Jack Balkin @University of Indiana
Maurer School of Law
Jack Balkin delivered a lecture at the Maurer School of Law at the University of Indiana on September 13, 2017. It's worth a listen. Balkin discusses our "recent unpleasantness," that is the political ennui and dysfunction of our time. What we are living through is not novel, he says. It is part of a cycle. We are living in a troubled moment, and not unlike the Gilded Age, this moment too will pass--within five years he promises. Let's hang on to that thought!
Our politics has been dominated by periods of stability overseen by a major party, followed by decay and rot. He identifies six such periods:
- The Revolutionary regime, dominated by the founders: ~1776-1800
- The Jeffersonian (small government, rural republic) regime: ~1800-1824
- The Jacksonian (pro-slavery) regime: ~1824-1860
- The Republican reconstructionist regime: ~1860-1932
- The New Deal civil rights regime: ~1932-1979
- The Reagan (smaller government, less regulation, less taxation, culture war) regime: 1980-present.
These regimes were all undermined by increased polarization and constitutional crisis (the Civil War) or rot (all the others).
The civil war was a moment of constitutional crisis, but what we have today is constitutional rot, not crisis, says Balkin. The Reagan regime has lost its mojo, and we are awaiting a new regime to assert itself. During the Reagan regime our system has become less democratic, more oligarchic, less devoted to the public good, more corrupt. We are looking at you, Newt Gingrich! There's something rotten in the body politic, but we are not in crisis, says Balkin. Our past political cycles provide hope that we can (and will) renew ourselves once more.
Our present constitutional rot has been brought on by a breakdown in the parties, the failure of campaign finance reforms, the info-tainment of mass media, and the poison of talk radio. Yes, we are looking at you Rush Limbaugh and Sean Hannity! We are left more susceptible to propaganda from within and without, says Balkin.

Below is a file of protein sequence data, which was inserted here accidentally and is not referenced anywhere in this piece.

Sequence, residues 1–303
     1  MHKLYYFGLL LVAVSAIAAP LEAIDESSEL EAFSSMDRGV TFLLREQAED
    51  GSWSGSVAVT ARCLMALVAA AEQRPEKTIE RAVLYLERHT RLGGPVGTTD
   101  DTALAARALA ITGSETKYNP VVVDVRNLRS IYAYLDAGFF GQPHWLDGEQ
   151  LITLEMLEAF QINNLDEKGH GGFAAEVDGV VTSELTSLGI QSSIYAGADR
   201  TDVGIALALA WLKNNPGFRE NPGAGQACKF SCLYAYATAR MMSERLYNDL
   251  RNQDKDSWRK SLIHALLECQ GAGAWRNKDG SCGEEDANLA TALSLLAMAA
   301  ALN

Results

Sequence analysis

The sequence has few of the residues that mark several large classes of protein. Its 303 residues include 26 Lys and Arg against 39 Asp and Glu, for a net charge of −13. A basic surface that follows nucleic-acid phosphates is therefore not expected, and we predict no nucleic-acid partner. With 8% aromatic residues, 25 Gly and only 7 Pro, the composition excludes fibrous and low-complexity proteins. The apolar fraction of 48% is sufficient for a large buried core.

Polarization is a symptom of constitutional rot. It undermines trust in government, trust in our fellow citizens. Cynicism grows. Today we have more oligarchy, less accountability, greater economic inequality than we had in the 70's. Greater inequality results in more cynicism, polarization, and lack of trust in institutions; it's a vicious cycle.
Left unchecked, oligarchy, polarization, and unaccountability result in economic policy disasters: the Iraq war, and the financial deregulation that led to the 2008 financial crisis are just two examples. Oligarchy and electoral unaccountability also leads to risk shifting, e.g. the shift from defined benefit pensions (risk borne by employers) to 401K plans (risk borne by employees). This leads to further inequality, polarization, disillusionment--rot; it's a vicious cycle.
But our present rot, too, will be cut out of the body politic, suggests Balkin. We will rejuvenate ourselves before we are faced with an actual constitutional crisis yet, he suggests hopefully.
That's the gist. . . . Listen to the talk, it's 50 minutes well spent. [Balkin's comments start at 2:50]
Here is the original link to Balkanization, always a site worth checking in on.
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